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May 12, 2022

Leapfrog graded nearly 3,000 hospitals from 'A' to 'F.' How did yours fare?

Daily Briefing

    The Leapfrog Group on Tuesday released its spring 2022 Leapfrog Hospital Safety Grades, giving roughly one-third of hospitals an "A" for their ability to shield patients from preventable errors, accidents, injuries, and infections.

    Cheat sheet: See how Leapfrog calculates its ratings


    For the latest report, Leapfrog assigned "A" to "F" letter grades to nearly 3,000 general acute-care hospitals based on 22 evidence-based measures of patient safety, including data from CMS Medicare PSI 90 Patient Safety and Adverse Events composite.

    The ratings, which are updated twice a year, do not cover facilities such as military or VA hospitals, critical access hospitals, specialty hospitals, children's hospitals, or outpatient surgery centers because of missing data.

    Along with the safety scores, Leapfrog issued a separate report highlighting inpatient patient experiences, analyzing data from CMS' Hospital Consumer Assessment of Healthcare Providers and Systems (HCAHPS) survey.

    How hospitals performed

    In the latest report:

    • 932 hospitals earned an "A"
    • 679 hospitals earned a "B"
    • 1021 hospitals earned a "C"
    • 194 hospitals earned a "D"
    • 17 hospitals earned an "F"

    Overall, 20.3% of hospitals earned higher safety scores this spring when compared with last spring's scores. However, 22.4% of hospitals received lower grades than they did last year. Still, 57.2% of hospitals earned the same grade in 2021 and 2022.

    In Leapfrog's spring 2022 rankings, 59.8% of North Carolina hospitals earned "A" grades—the highest share of any state—followed closely by Virginia and Utah, with 59.2% and 55.6% of hospitals with "A" grades, respectively.

    In total, eight states had 50% or more of its hospitals receive an "A" grade. However, Leapfrog did not give an "A" grade to any hospitals in Wyoming, West Virginia, North Dakota, or the District of Columbia.

    See how your hospital fared.

    For its report on patient experience, Leapfrog noted declines between survey periods in the average percentage of hospital patients who gave the most favorable responses for nine of the 10 HCAHPS measures. The greatest decline was seen among patients' experiences with hospital staff responsiveness (a 3.7 percentage point decrease), followed by communication about medicines (a 3.1 point decrease), and cleanliness of the hospital (a 2.9 point decrease), Fierce Healthcare reports.


    According to Nidia Williams, VP of quality and safety for Lifespan Health System, most health systems do not have sufficient information to determine how well their safety systems have performed during the ongoing pandemic, which accounts for lower grades at some facilities.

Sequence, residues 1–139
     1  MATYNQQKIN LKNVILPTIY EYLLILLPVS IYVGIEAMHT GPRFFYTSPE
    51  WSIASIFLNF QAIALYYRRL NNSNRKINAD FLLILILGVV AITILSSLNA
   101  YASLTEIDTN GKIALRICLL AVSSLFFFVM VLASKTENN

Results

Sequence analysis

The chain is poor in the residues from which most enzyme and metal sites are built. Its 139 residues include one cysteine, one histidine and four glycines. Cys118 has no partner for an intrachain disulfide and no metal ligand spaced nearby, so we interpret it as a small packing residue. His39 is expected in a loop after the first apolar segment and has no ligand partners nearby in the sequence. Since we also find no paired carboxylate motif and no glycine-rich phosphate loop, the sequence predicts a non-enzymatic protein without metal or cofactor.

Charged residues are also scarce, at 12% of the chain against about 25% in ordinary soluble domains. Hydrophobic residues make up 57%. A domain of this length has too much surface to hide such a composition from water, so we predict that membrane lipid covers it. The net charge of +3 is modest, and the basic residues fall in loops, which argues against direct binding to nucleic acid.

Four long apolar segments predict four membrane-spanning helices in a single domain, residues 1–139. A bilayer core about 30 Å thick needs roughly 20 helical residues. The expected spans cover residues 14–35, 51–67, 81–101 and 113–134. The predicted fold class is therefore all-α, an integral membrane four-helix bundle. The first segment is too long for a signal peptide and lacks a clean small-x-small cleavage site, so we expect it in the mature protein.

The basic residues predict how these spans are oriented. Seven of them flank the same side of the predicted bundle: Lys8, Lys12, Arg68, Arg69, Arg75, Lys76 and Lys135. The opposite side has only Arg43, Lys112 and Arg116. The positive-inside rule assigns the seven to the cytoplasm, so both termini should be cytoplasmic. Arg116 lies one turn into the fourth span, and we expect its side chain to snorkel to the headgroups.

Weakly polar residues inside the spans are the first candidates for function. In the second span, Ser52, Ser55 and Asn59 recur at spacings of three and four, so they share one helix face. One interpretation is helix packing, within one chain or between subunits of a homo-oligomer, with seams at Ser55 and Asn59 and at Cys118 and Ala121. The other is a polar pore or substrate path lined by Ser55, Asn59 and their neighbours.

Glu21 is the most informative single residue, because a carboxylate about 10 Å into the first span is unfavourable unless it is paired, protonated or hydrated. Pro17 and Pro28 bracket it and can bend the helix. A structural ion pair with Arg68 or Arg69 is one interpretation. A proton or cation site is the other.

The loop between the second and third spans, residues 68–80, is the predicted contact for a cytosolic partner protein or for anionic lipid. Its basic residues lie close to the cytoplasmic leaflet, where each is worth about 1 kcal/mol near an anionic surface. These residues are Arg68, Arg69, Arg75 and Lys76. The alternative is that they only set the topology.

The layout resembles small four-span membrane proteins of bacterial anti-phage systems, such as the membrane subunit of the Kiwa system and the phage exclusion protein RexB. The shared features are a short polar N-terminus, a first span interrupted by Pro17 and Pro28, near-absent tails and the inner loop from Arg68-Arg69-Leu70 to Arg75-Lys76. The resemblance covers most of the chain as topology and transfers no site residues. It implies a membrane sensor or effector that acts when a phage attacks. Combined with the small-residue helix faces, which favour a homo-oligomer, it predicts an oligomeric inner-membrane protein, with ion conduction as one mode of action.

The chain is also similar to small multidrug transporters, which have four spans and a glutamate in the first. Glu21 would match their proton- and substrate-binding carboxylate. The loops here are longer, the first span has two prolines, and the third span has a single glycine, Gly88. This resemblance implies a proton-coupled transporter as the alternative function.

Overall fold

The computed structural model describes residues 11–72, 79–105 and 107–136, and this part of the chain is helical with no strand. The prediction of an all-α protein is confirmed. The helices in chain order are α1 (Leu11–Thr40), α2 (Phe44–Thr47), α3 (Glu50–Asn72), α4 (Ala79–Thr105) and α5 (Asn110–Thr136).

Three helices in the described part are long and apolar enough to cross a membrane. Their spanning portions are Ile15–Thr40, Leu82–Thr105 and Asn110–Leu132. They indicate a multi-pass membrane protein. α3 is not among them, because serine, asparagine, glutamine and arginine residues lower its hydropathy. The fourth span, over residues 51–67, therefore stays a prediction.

"We didn't realize that the patient population was different, and required an awful lot of care, treatment, time, energy and resources that we weren't necessarily prepared for," said Williams, who also serves as president-elect of the National Association for Healthcare Quality's board of directors.

    Several factors likely contributed to the fluctuation in hospitals' safety grades during this period, said Nancy Foster, VP of quality and patient safety policy at the American Hospital Association (AHA). For example, Foster noted that travel nurses may not be fully trained on a hospital's safety practices and infection controls.

    In addition, Akin Demehin, AHA's senior director of policy, noted that patients who delayed care because of the pandemic often arrived sicker and required interventions like ventilators or catheters that pose a risk of infection and other adverse effects.

    Still, many hospitals tried to diligently track the pandemic's impact on hospital safety, Demehin said. In fact, over 90% of hospitals continued to submit health care-associated infection reports after CMS made them optional, according to Demehin.

    "Despite a general decrease in patient experience ratings, spring Grades continue to show significant variation in safety performance across U.S. hospitals," said Leapfrog Group president and CEO Leah Binder. "This variability is a constant reminder that the public must have access to information on which hospitals are safer so patients can make the best decision for themselves and their loved ones."

    "We commend the workforce for their heroic efforts these past few years and now strongly urge hospital leadership to recommit to improved care—from communication to responsiveness—and get back on track with patient safety outcomes," Binder added. (Leapfrog Group "About the Grade", accessed 5/11; Leapfrog Group "Explanation of Hospital Safety Grades," accessed 5/11; Leapfrog Group press release, 5/10; Muoio, Fierce Healthcare, 5/10; Bean, Becker's Hospital Review, 5/10; Dean, The News & Observer, 5/10; Devereaux, Modern Healthcare, 5/10)

    Cheat sheets: How hospital quality ratings work


    Download our newly updated cheat sheets for easy-to-read summaries of some of the most widely promoted hospital rating programs, including:

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